The largest professional association of registered nurses in the United States is "deeply concerned" by the spread of Ebola, and is calling on President Obama to invoke his authority to protect health care workers.
"Without action at a very high level, how can we expect the nurses to do this on their own?" National Nurses United Executive Director RoseAnn DeMoro told reporters on Wednesday, hours after a second nurse who treated the first Ebola patient in the U.S. tested positive for the virus.
DeMoro said many of National Nurses United's 185,000 members have expressed a lack of training and preparedness for potential Ebola patients in their hospitals, and said the group has tried to bring the lack of readiness to the attention of the highest levels of government.
"We've been essentially ignored by the White House and the CDC," she said.
The group sent a letter to Obama and Congress on Wednesday urging the president to mandate uniform standards and protocols in hospitals.
"We're asking the president of the United States to invoke his executive authority to protect the nurses and the health care workers," DeMoro said. That includes mandating optimal personal protective equipment and interactive training on infectious diseases for nurses.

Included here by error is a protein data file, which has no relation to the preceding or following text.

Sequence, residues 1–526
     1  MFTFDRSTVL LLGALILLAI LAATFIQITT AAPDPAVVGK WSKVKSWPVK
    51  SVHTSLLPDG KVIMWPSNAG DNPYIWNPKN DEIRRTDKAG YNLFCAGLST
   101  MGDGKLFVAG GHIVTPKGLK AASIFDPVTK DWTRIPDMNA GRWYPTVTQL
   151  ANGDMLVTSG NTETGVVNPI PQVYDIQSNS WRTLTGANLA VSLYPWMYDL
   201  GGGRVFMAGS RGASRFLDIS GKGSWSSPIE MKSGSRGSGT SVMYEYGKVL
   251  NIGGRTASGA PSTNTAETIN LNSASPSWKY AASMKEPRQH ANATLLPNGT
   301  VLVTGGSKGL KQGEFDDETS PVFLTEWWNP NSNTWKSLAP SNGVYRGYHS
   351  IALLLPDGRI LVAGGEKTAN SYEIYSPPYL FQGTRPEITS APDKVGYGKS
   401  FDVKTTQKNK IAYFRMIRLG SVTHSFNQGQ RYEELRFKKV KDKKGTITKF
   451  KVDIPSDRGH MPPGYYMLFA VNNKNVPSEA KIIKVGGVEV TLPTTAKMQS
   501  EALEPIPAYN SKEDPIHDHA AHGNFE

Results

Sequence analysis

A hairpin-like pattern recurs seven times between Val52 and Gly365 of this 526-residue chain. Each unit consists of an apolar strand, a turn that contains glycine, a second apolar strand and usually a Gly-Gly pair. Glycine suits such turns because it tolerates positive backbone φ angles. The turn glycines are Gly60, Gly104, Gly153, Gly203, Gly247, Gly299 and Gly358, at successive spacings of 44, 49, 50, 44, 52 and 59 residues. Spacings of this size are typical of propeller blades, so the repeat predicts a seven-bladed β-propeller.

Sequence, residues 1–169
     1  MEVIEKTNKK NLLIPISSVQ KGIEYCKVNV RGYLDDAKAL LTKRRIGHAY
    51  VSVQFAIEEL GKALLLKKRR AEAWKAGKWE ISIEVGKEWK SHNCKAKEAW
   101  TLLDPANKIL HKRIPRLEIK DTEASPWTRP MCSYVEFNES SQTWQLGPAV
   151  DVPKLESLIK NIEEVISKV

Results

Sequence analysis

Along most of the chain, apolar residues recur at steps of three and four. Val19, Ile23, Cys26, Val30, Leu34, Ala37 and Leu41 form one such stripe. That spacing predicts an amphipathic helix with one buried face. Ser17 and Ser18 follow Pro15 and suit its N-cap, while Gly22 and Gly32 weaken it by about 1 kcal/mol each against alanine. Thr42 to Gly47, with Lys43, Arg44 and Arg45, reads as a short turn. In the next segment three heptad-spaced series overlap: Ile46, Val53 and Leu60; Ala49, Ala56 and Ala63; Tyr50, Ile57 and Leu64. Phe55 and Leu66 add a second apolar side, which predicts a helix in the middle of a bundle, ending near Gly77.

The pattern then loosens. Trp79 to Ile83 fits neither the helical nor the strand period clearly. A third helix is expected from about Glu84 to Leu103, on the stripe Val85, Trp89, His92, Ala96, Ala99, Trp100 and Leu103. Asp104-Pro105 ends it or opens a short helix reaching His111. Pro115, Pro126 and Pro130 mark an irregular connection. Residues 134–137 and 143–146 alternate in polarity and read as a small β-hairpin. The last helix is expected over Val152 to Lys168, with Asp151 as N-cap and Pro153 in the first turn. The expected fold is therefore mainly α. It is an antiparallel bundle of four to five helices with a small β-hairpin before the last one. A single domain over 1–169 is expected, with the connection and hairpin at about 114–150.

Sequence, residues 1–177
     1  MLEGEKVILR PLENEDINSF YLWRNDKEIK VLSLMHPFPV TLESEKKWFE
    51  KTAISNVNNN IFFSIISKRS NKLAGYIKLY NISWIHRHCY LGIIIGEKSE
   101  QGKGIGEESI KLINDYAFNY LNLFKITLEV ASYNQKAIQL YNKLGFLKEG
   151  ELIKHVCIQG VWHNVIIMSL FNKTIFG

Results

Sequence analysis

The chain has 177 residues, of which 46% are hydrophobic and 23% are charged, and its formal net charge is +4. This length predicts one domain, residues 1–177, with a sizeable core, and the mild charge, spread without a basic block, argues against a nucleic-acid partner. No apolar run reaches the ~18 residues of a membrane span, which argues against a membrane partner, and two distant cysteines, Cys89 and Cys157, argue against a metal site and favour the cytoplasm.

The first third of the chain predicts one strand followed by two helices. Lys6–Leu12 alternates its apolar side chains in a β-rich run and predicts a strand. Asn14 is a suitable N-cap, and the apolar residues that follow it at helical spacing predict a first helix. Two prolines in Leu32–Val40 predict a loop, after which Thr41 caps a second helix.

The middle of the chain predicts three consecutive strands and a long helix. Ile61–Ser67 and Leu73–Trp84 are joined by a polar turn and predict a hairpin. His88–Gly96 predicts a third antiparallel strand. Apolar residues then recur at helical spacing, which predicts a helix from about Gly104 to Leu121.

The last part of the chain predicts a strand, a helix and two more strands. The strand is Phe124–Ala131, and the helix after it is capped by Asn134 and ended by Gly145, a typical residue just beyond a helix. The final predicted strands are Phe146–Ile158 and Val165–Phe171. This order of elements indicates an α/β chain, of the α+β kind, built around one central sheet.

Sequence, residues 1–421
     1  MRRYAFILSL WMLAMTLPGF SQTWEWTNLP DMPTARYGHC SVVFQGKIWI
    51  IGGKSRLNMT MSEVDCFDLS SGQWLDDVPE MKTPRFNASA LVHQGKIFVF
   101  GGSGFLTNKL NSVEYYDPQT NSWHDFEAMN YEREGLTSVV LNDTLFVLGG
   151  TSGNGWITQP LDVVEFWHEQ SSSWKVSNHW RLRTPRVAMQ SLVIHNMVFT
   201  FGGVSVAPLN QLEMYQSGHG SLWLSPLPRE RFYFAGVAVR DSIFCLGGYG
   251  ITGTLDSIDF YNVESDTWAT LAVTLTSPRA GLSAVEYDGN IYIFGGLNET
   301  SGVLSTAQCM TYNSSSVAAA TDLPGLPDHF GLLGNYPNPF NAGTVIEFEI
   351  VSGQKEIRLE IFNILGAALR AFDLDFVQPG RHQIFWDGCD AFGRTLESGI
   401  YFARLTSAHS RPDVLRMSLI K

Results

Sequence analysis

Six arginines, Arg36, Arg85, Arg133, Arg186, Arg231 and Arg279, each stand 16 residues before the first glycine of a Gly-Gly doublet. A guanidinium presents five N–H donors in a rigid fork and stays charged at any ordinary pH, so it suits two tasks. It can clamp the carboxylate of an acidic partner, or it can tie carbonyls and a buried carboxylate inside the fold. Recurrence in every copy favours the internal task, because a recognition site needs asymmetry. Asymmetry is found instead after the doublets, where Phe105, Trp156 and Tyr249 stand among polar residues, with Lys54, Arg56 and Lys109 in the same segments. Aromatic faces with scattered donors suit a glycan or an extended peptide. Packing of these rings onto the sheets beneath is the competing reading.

"We know that without these mandates to health care facilities we are putting registered nurses, physicians and other healthcare workers at extreme risk. They are our first line of defense. We would not send soldiers to the battlefield without armor and weapons," the letter said.
The two nurses infected with Ebola work at Texas Health Presbyterian Hospital in Dallas, and both treated Thomas Eric Duncan, the Liberian man who died of Ebola at that hospital.
On Tuesday, National Nurses United said several Dallas nurses told them no protocols were in place to protect workers from the illness. The group did not identify the nurses.